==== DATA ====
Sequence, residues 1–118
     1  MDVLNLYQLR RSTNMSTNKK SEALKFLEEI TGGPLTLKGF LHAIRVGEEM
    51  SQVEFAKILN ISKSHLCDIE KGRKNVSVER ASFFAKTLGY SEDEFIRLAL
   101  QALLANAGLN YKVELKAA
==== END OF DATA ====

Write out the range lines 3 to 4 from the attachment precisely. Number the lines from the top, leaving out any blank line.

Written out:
    51  SQVEFAKILN ISKSHLCDIE KGRKNVSVER ASFFAKTLGY SEDEFIRLAL
   101  QALLANAGLN YKVELKAA